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Showing posts from January, 2016

Henry and Richard. "Two Princes Born Of The Same King, So Noble, And Yet So Different"

Between Poitiers and I'Ile Bouchard and Mirebeau and Loundun and Chinon someone has dared to build a fair castle at Clairvaux, in the midst of the plain. I should not wish the young King to know about it or see, for he would not find it to his liking; but I fear, so white is the stone, that he cannot fail to see it from Mathefelon.
Thus wrote Bertran de Born in 1182, the year preceeding the Young King's untimely death, and although geographically he might have been wrong, he was right that someone did dare to build a castle at Clairvaux in the lands nominally belonging to Henry the Young King. That "someone" was Henry's younger brother Richard, the then duke of Aquitaine. Quite opposite to what Bertran said, Richard's transgression must have been much to Henry's liking and the troubadour knew about it when composing the lines. At the time the brothers went beyond the point where amends could be made and rifts mended, but was it always so? Did they always r…

Short Notes On Work In Progress II

Henry/Richard post I am currently working on is getting longer and longer as I often find myself straying from the main subject matter, probing into subthreads found in the primary (and secondary) sources I am working with and finding myself totally immersed in the family history. And it is quite a history, isn't it? Of course, I am staying in Henry and Richard's company all the time, but my attention is being drawn to the aspects of their lives different from the one I am discussing in my post. 
                                                               Gaucelm Faidit
And thus I have come across this quote from Kate Norgate's England under the Angevin Kings (it has struck me that she found Henry such a puzzling figure, she had nothing but condemning words for him, true, but she sounded genuinely perplexed as well, which I find quite "refreshing" :) "... one of the most puzzling figures in the history of the time ... this undutiful, rebellious son, this co…

Short Notes On Work In Progress...

As you may know I am currently working on a post about Henry and his younger brother Richard who was to go down in history as Couer de Lion. When researching and re-reading, I have come across this - as I would call it - key quote concerning Henry II and the way he treated his eldest son and heir. I am sharing it with you now, but will make proper use of it and discuss it at length when writing about Henry, his younger brother John and who was the real Lackland in the family.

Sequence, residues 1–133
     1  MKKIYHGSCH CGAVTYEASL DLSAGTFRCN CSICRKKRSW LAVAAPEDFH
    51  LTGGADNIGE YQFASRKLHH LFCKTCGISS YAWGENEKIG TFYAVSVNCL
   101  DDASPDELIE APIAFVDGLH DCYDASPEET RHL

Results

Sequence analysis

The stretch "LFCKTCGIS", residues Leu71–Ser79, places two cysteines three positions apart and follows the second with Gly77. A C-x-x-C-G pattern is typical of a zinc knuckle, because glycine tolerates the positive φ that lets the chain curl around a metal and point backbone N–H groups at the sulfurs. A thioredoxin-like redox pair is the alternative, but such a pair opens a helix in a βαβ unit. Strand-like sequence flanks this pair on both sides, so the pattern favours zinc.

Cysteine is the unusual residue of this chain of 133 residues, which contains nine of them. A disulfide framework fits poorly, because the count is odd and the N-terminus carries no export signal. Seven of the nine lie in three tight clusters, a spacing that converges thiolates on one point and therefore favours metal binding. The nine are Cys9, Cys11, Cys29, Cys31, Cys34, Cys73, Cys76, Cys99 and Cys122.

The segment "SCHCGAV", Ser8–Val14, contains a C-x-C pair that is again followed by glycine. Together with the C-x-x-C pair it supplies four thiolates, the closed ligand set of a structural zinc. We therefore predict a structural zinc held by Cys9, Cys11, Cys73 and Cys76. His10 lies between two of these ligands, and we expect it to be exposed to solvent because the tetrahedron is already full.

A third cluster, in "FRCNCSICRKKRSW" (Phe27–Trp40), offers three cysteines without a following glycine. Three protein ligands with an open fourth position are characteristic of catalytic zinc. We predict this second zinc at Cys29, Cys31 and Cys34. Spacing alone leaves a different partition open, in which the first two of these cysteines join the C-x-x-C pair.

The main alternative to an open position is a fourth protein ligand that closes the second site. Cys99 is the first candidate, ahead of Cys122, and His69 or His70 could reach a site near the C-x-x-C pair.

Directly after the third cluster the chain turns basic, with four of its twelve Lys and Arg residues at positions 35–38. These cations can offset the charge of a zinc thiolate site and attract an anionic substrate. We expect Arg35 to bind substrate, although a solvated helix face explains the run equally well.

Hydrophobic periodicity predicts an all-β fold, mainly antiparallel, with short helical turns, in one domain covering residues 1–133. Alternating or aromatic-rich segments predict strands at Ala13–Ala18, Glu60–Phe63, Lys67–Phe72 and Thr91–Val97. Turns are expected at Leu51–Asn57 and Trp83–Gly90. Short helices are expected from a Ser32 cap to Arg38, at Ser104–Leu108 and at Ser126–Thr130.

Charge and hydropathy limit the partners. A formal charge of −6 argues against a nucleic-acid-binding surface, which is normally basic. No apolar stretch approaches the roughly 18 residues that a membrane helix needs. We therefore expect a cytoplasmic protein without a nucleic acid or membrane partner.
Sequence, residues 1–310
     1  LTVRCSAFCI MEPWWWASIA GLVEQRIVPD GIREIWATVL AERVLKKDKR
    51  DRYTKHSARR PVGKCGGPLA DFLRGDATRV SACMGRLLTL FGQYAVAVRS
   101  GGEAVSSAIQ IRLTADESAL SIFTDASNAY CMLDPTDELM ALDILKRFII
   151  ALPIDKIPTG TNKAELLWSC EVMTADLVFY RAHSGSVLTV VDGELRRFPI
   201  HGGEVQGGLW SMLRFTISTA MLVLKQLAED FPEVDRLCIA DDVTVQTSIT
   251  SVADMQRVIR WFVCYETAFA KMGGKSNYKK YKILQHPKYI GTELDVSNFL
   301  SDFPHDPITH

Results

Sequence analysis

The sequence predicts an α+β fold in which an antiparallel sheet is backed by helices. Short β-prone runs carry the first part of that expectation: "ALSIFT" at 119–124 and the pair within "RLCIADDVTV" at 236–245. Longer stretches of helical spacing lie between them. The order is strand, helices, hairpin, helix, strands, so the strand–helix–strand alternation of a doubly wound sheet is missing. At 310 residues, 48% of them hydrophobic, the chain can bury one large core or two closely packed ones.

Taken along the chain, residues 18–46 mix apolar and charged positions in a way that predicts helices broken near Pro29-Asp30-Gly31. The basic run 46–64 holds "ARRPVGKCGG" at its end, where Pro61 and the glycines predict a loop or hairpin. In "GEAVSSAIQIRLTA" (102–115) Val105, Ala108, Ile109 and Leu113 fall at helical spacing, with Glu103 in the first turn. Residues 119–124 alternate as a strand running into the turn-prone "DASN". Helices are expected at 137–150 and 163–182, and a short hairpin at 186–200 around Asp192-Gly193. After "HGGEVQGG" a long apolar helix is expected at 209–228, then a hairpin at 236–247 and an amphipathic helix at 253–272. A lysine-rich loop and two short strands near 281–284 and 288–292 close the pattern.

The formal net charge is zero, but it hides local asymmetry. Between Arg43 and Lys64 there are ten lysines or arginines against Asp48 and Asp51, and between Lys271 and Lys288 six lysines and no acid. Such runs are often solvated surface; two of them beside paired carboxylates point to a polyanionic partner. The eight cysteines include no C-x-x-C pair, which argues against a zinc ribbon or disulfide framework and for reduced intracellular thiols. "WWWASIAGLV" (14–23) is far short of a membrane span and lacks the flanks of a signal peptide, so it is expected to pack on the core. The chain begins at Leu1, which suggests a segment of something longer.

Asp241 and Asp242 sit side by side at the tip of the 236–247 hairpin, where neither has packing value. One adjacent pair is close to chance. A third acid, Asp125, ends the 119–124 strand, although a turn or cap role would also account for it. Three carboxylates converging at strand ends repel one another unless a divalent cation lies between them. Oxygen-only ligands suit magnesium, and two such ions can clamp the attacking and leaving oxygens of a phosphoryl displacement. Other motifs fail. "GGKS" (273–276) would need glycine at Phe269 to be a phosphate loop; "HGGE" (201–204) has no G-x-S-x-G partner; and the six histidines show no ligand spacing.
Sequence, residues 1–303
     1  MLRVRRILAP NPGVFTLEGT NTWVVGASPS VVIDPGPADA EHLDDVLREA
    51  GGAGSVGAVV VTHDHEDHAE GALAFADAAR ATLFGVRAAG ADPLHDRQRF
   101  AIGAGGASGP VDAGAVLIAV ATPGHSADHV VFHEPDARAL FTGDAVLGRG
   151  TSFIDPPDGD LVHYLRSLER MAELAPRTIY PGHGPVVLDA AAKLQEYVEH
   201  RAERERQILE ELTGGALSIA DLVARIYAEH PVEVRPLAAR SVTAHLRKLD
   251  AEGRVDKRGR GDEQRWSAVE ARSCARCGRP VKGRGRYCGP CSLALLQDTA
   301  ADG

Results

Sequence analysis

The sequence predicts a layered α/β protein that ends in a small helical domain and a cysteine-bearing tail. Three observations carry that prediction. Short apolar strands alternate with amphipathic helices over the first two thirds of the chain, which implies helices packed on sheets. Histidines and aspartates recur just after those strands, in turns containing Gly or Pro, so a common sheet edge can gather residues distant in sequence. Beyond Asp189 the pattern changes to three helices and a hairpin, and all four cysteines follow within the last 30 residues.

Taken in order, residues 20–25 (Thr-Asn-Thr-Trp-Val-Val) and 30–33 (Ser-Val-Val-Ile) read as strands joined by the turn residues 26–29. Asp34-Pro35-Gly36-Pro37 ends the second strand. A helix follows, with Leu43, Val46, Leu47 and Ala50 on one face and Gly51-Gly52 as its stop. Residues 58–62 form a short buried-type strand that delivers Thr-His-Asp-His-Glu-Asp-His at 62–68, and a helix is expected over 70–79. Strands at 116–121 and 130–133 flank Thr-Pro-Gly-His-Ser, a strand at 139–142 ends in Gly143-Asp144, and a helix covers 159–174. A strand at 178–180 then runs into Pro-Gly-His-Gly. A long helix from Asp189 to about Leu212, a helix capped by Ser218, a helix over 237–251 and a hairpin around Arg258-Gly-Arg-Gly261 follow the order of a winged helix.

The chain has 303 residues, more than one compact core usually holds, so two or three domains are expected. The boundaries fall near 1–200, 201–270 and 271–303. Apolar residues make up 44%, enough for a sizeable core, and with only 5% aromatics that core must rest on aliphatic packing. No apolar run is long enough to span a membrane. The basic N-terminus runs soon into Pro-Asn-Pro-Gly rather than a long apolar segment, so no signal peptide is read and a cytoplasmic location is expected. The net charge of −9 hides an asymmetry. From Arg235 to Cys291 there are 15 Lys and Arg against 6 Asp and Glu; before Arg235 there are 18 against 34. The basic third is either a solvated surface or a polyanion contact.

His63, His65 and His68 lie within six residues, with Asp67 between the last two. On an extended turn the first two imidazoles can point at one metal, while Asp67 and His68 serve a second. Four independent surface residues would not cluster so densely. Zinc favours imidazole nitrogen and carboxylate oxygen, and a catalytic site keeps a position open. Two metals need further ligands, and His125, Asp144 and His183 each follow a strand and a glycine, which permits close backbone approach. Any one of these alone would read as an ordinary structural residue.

In his biography of Richard, John Gillingham gives a vivid description of Henry senior, quoting and analyzing works of Henry's courtiers, Walter Map among them. It was Walter who was to report that when ruling and dealing with his subjects his liege lord usually employed methods adopted from his mother, Empress Matilda. According to Walter "he seems to have dealt with those who came to him with requests by saying that he would do something for them, and then repeating this promise whenever he had to, post…

Happy New Year!

We would like to wish a Happy New Year to all our readers. May 2016 be a good one, as it is certainly going to be for Henry the Young King, whose biography by Matthew Strickland is out on 18 May. We have written about ithere. Before it is published though, we are going to discuss a few matters concerning Henry and his family. In the upcoming months we will host our friend and Eleanor of Aquitaine expert, Ulrik Kristiansen with a series of posts about Henry and his illustrious Lady Mother, we are going to take a closer look at Henry and Richard and determine whether the animosity between them has not been a myth to be dealt with, we are going to prove that Henry, not John, was the real Lackland and that Bertran de Born was not that bad as Dante chose to depict him in his Divine Comedy. These are but a few major topics we are going to focus on in the opening months of 2016. We will be happy if you come and join us :-)